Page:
Research in social behaviors has long been interested in the impact divorce has on people. Recently, an interesting question has been brought up in the field: is divorce contagious? After analyzing data over the last three decades, researchers believe they may have an answer for which no hospital will have a remedy.

According to scientists, people are 75 percent more likely to become divorced if a close friend or family member does. In an article written for the journal Social Forces, scientists postulated looking at divorce as something like a contagion that spreads through social networks, affecting even friends who are outside your closest circle. Even friends two times removed were 33 percent more likely to get a divorce than friends who were not in this circle.

But how is this possible? Researchers believe they have an answer for this as well. The phenomenon is called a “social contagion” and has been noted in a plethora of scenarios such as when siblings have children shortly after one another.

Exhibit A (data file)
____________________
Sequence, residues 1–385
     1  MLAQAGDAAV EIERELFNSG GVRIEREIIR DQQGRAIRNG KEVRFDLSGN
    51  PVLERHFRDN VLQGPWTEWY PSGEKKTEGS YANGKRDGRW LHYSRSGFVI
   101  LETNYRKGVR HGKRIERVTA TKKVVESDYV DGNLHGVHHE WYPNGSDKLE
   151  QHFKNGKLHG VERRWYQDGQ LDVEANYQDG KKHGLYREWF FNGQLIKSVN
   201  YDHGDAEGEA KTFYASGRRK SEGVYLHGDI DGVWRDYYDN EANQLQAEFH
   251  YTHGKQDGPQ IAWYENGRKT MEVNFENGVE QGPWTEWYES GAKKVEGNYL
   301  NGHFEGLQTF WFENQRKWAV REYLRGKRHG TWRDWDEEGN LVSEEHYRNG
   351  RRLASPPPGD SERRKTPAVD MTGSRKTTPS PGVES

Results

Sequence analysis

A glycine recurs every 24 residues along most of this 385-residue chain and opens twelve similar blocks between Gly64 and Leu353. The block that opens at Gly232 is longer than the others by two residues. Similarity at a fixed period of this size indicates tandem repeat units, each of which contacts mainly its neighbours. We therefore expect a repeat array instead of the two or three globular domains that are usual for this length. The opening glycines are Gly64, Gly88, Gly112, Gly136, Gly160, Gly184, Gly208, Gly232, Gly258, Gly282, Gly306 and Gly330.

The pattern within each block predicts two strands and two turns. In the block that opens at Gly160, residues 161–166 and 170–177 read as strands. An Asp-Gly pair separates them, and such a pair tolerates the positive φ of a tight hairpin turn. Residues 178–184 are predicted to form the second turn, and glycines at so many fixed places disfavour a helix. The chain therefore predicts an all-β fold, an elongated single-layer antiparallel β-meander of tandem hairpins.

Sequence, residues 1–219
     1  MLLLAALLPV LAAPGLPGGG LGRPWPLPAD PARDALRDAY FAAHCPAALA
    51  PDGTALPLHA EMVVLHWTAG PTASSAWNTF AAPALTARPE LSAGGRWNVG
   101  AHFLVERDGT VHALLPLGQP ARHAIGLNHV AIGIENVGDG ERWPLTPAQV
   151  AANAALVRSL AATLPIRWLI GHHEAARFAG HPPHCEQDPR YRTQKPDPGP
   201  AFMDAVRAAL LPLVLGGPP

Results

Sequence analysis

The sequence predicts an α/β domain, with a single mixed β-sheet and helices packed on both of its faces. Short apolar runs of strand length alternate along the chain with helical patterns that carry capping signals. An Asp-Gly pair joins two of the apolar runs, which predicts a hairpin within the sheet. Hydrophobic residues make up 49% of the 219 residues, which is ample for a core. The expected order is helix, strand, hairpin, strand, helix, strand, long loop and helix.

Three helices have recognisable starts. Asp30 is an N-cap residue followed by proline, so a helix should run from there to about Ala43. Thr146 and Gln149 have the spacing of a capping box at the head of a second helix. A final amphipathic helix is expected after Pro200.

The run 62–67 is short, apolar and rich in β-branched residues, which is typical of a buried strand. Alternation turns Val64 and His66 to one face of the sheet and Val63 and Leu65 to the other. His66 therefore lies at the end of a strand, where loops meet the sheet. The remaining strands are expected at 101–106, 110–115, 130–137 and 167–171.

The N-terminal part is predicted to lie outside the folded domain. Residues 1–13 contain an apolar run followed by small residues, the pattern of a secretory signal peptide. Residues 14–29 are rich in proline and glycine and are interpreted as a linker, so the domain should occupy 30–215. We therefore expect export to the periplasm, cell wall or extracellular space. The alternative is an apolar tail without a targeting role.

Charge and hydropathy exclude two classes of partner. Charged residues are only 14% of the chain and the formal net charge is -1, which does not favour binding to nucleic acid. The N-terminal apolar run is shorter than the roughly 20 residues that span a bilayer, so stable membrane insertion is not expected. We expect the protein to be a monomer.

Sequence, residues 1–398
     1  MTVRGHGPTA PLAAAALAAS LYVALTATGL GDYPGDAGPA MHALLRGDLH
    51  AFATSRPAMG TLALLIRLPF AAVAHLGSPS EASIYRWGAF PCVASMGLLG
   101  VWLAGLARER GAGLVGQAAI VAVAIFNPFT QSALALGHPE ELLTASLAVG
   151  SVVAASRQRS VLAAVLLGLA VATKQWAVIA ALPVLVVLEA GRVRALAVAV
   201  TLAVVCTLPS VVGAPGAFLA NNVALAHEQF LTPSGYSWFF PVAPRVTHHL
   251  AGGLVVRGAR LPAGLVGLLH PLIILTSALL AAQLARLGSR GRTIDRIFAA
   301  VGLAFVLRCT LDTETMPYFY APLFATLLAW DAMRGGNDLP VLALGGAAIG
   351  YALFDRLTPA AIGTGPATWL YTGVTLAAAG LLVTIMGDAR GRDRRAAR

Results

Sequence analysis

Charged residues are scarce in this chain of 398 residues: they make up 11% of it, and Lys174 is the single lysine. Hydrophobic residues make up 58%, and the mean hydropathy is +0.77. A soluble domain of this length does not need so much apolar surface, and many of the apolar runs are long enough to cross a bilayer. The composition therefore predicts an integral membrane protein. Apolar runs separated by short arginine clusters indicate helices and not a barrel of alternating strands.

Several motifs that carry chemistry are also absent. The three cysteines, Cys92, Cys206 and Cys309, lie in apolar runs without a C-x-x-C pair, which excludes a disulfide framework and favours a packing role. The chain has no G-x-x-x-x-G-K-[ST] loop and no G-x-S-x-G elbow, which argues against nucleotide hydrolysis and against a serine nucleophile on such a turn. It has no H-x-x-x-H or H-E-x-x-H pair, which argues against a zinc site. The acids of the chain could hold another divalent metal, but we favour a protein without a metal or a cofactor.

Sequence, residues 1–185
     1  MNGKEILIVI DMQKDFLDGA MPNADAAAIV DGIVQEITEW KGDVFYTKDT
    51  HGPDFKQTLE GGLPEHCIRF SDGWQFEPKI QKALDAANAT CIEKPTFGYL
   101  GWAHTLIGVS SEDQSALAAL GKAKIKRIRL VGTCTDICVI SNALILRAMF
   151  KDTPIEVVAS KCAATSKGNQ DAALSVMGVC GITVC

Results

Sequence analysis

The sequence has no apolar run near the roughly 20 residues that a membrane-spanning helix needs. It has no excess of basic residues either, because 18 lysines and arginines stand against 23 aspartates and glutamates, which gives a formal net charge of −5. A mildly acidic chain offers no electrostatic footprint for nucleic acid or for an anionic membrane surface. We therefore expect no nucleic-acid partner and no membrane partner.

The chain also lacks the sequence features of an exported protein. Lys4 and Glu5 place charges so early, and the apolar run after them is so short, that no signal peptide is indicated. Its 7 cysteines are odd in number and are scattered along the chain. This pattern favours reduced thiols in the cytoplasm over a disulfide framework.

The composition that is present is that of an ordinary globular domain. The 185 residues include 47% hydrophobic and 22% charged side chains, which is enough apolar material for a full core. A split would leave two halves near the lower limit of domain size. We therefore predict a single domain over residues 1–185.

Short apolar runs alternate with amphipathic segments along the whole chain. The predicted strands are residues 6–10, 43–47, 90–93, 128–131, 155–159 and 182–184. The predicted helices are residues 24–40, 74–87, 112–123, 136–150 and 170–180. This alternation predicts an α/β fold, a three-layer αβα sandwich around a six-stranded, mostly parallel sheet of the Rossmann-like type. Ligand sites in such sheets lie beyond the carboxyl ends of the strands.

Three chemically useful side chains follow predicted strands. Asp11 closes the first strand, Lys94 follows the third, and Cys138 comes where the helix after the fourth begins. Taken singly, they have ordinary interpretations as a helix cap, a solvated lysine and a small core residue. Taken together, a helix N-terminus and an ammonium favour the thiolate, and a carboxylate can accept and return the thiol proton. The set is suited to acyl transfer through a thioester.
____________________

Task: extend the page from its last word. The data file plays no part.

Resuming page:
It’s important for our readers to remember that even if you have not had someone close to you get a divorce or even a friend of a friend file for separation this doesn’t mean that you and your spouse are safe from marital problems. Marriages can fail because of a multitude of reasons and can sometimes happen spontaneously in families where there is no history of divorce. While the study above might predict divorce for some couples, it might not be the case for others. Just know that if you do find yourself considering separation then it’s always a good idea to talk to a lawyer who can help you through the process.

Source: Pew Research Center, “Is divorce contagious?” Rich Morin, Oct. 21, 2013